Why not lead the way, instead of following?

“Qatar is a destination country for men and women subjected to forced labor and, to a much lesser extent, forced prostitution,” according to the U.S. State Department's 2016 Trafficking in Persons Report. “Over 90 percent of the country’s workforce is comprised of men and women from South and Southeast Asia, Africa, and the Middle East who voluntarily come to work as low- and semi-skilled workers,” the Report observes, “but some are subjected to forced labor. Female domestic workers are particularly vulnerable to trafficking due to their isolation in private residences and lack of protection under Qatari labor laws.”

The annual Report again includes Qatar among Tier 2 countries “whose governments do not fully meet the [Trafficking Victims Protection Act’s] minimum standards, but are making significant efforts to meet those standards.” Qatar also remains on the Tier 2 Watch List for the third consecutive year..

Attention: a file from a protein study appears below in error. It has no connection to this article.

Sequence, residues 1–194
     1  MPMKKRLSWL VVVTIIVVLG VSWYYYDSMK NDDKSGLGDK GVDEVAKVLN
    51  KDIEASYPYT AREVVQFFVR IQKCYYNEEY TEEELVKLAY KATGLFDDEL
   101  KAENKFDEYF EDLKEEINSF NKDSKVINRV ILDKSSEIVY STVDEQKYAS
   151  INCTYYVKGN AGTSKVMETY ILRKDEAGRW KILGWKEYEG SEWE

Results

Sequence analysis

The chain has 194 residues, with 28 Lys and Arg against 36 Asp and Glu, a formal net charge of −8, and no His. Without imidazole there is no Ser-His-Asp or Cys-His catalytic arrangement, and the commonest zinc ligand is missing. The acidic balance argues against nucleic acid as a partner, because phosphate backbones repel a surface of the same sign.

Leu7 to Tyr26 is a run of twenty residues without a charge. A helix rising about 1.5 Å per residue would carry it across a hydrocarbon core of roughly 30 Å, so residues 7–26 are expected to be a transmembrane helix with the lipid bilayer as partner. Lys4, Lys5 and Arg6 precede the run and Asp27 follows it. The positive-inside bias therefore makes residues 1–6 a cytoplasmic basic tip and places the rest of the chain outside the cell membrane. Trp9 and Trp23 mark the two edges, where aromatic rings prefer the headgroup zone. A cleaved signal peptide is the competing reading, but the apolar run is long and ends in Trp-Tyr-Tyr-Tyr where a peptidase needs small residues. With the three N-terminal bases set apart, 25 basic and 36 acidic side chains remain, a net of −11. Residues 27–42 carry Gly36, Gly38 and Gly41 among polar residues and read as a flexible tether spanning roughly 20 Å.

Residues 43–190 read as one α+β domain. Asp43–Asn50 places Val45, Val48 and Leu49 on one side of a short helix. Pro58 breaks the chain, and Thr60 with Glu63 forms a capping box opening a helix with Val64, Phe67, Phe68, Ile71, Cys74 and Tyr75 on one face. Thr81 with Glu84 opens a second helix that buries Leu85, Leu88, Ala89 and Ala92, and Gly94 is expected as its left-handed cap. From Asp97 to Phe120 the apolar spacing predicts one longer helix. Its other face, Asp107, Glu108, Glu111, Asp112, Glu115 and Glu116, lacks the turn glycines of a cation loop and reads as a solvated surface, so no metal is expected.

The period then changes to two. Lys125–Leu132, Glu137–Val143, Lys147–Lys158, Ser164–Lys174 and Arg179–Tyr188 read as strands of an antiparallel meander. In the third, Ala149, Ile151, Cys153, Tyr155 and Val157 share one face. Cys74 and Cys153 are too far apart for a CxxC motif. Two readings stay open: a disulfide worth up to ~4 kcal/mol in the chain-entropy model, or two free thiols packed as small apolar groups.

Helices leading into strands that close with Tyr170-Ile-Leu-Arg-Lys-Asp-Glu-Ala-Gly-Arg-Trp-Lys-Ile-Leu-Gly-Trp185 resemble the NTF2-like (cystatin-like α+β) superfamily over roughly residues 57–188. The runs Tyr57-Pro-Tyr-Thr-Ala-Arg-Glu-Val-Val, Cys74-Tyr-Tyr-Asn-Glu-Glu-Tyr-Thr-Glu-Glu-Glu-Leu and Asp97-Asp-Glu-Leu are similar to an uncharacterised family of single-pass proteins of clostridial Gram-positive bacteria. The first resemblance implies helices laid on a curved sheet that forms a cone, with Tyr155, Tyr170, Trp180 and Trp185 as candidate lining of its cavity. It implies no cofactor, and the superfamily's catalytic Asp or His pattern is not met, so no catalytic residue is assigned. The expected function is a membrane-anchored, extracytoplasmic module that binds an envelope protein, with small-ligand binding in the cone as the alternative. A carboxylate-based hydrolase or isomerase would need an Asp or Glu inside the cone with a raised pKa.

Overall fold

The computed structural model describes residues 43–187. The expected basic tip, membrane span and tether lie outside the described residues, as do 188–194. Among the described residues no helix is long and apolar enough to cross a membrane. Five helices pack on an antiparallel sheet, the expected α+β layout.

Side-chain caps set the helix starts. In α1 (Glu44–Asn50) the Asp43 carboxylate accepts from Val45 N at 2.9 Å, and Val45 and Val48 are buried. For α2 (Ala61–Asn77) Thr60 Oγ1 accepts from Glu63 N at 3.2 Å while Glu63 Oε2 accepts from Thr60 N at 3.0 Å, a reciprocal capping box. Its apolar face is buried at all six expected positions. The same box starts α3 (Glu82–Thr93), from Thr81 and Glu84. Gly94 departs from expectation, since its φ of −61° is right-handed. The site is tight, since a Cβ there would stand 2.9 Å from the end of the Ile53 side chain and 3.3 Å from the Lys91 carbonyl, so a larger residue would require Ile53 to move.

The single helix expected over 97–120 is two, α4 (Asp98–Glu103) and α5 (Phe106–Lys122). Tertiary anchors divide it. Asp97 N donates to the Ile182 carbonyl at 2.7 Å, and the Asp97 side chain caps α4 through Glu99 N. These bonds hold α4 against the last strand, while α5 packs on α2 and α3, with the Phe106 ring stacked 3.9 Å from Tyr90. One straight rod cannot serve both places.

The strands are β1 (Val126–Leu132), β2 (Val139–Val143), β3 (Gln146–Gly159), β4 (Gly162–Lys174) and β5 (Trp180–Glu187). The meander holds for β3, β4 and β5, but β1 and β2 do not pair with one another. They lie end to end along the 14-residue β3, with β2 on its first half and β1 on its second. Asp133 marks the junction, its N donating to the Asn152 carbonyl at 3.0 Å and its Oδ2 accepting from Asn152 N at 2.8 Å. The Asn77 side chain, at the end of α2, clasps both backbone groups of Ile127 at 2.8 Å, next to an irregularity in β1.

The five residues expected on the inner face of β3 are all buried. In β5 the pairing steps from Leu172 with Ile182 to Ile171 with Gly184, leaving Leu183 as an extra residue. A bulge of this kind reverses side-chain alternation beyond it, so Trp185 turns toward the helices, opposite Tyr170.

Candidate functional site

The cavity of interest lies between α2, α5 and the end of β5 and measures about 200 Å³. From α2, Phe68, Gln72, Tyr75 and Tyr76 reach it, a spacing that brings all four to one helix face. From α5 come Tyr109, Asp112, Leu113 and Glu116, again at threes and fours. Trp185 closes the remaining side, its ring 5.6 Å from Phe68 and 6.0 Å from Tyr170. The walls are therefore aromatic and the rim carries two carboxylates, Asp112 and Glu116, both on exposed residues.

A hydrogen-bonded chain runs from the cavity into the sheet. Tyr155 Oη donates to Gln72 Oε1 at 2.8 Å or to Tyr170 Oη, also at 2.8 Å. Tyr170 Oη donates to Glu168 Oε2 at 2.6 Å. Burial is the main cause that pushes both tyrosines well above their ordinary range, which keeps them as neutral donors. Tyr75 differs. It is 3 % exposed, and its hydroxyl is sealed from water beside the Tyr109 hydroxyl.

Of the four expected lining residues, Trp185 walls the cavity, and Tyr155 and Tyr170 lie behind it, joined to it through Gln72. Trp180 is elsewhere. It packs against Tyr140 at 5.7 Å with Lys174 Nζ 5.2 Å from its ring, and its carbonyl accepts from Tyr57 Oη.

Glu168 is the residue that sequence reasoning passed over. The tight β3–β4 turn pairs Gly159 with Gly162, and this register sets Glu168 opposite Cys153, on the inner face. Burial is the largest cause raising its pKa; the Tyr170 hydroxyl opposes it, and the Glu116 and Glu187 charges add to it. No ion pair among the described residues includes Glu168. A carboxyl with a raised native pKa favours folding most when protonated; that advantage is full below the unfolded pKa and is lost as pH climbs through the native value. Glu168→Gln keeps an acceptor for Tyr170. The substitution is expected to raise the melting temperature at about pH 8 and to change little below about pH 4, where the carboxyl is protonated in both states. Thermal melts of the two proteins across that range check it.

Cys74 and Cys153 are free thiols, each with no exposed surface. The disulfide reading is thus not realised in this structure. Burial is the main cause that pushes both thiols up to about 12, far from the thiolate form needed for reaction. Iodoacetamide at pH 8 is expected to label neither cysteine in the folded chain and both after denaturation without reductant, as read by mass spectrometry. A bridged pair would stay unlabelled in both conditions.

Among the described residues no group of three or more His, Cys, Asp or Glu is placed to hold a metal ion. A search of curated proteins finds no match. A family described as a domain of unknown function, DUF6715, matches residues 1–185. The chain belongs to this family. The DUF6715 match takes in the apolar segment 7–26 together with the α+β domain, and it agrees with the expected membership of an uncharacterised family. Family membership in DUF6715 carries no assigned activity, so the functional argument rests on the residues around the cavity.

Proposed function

“The Government of Qatar does not fully meet the minimum standards for the elimination of trafficking; however, it is making significant efforts to do so. Despite these efforts, the government did not demonstrate overall increasing anti-trafficking efforts compared to the previous reporting period,” the report explains, noting that “Qatar was granted a waiver from an otherwise required downgrade to Tier 3 because its government has devoted sufficient resources to a written plan that, if implemented, would constitute significant efforts to meet the minimum standards.”

What does Qatar need to do to move up from Tier 2 to Tier 1? The Report has several recommendations, among them: reforming the sponsorship system “so it does not provide excessive power to sponsors or employers in granting and sustaining the legal status of workers,” providing migrant workers with “protection from abusive practices and working conditions that may amount to forced labor,” investigating and prosecuting trafficking offenses more vigorously, and providing labor law protection for domestic workers.

To monitor and document its progress, Qatar must “collect, dis-aggregate, analyze, and report anti-trafficking law enforcement data” and “report data pertaining to the number of victims identified and the services provided to them.”

Better yet, Qatar could make a commitment to exceeding the minimum standards and strive to become a model for other Gulf nations – and the world – to follow.